Sunday, January 1, 2017

New Year

Last night Scott and I went out for a walk (at 7:30, I'm not 35, after all). It had been days since I'd gone outside. This "vacation" has been punctuated by long stretches of in-home activity - sorting, going to the dump (that's the extremely appreciated friend-with-a-car part of our experience), trying to find a place to live (do not get me started), getting party-wall permit letters done... I could go on.

And while I really needed some fresh air, alas, it was raining last night (sometimes freezing, sometimes regular). Not good weather for pain. (Apparently, it's really bad weather for osteoarthritis - which my husband has in his right large toe - to a rather extensive degree. We were out for 90 minutes and, by the time we got back, he was all but hobbled. I reviewed his foot with shock. I made him drink cherry juice and I rubbed it (yoga therapy style).) This morning when we woke up, it was way improved - far less inflamed. The sun is out in force today, miraculously for this time of year. It's dry and cold again.

I too began very stiff and sore today, particularly in my hips (the original seat of my pain, starting 20 years ago - but much less painful than the rest of my back most of the time, these days).

I swigged a ginger shot. Went into the yoga room, wherein I sat for a while, wondering what would come of my session. Some days are very fortunate. Some days I realize things (big and important, small and intriguing, part of a larger, emerging whole). My mind drifted first to self-inquiry. The stream of my consciousness: Why am I in pain, in my hips, of all places? and then Ah, Kristin, remember when you hated standing poses? (Ed. note: In the old days, during the first week of every month - the standing pose focus week in the Iyengar system - I'd be in semi-regular hip misery.) Then I thought about how so many yoga practitioners believe that being able to do a pose automatically imparts the benefits of that pose. I could do any damn standing pose proficiently - and I really believed I was feeling its benefit - but it would hurt me a good 50 per cent of the time (to say nothing of potential micro injuries).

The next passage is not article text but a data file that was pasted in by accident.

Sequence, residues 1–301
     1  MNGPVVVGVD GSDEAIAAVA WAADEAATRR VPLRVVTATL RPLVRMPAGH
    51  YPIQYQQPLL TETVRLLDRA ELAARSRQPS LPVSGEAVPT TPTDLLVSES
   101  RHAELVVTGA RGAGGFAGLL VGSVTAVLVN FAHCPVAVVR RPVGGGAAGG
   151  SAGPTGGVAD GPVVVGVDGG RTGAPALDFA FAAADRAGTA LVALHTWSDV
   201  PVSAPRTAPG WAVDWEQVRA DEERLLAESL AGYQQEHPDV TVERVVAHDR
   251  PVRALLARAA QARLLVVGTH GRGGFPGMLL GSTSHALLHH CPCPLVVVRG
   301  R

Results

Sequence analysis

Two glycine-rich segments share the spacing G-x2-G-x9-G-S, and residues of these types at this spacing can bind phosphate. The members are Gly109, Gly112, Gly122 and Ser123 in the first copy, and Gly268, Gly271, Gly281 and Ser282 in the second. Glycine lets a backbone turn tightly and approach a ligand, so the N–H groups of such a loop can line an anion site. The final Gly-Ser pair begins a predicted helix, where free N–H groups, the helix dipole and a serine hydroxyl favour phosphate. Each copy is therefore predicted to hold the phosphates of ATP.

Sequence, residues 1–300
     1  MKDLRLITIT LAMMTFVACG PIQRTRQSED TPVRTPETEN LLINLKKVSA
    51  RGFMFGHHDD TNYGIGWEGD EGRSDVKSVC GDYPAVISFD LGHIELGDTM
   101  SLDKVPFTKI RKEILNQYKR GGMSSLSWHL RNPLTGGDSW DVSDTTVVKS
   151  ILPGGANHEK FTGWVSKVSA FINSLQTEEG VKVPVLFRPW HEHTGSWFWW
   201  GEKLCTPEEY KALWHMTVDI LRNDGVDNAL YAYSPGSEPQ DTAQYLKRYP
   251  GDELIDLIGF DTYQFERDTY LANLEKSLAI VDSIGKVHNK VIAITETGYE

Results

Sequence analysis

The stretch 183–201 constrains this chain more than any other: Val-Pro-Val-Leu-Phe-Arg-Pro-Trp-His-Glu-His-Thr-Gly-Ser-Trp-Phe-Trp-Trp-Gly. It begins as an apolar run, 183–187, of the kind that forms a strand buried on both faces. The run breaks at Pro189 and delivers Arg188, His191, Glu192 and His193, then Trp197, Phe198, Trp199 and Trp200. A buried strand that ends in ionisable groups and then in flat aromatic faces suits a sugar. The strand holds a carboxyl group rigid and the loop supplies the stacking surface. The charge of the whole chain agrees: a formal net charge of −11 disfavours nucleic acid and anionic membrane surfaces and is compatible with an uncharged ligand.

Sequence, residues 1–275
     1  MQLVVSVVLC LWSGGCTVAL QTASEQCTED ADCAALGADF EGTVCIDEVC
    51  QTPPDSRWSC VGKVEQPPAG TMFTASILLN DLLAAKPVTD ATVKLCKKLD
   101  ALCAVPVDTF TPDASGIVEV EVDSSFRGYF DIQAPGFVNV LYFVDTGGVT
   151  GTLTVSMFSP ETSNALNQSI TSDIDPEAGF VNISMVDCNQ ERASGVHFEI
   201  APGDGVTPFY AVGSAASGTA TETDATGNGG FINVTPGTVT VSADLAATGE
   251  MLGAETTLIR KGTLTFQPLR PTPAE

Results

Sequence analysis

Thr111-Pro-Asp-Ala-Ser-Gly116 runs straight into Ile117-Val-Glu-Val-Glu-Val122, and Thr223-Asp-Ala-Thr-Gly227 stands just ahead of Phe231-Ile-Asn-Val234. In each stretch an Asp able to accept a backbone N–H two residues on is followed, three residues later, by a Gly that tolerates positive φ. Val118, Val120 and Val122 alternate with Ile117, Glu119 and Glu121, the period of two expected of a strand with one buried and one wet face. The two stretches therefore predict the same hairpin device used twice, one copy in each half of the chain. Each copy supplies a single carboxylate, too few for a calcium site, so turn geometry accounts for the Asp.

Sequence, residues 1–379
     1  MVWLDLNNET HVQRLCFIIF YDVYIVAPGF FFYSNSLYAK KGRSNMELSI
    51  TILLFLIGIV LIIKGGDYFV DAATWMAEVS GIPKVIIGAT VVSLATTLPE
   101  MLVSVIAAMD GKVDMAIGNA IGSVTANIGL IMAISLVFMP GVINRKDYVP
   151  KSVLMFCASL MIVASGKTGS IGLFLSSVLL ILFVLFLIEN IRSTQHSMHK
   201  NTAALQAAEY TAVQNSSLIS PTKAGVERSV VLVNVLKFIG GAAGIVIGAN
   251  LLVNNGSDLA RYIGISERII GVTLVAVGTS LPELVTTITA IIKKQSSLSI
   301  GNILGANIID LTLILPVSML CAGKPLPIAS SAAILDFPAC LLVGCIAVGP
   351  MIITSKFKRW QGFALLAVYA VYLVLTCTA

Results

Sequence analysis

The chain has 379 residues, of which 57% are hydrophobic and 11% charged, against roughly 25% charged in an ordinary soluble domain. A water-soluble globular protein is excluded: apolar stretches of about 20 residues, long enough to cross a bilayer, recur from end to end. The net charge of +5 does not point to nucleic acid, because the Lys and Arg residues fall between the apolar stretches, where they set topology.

Then it struck me. Standing poses are the way of the future.* But, as I know (and have been reflecting in my practice methods), sometimes I cannot do the full physical expressions of some of those asanas (the more weight bearing ones) without producing joint and myofascial pain thereafter. Sure, sometimes I'm fine, after the fact, but I often feel on the edge (which is unsettling and not the point of bodywork, IMO).

Increasingly, I've been doing standing poses at my rope wall. I can happily manage bearing @ 75% of my body weight on my hips, without running risk of causing pain, as long as I can keep my back hip open and as long as I can defer about 25 per cent of the weight of the front leg to the wall-attached rope at which I'm perched (traction allows for this).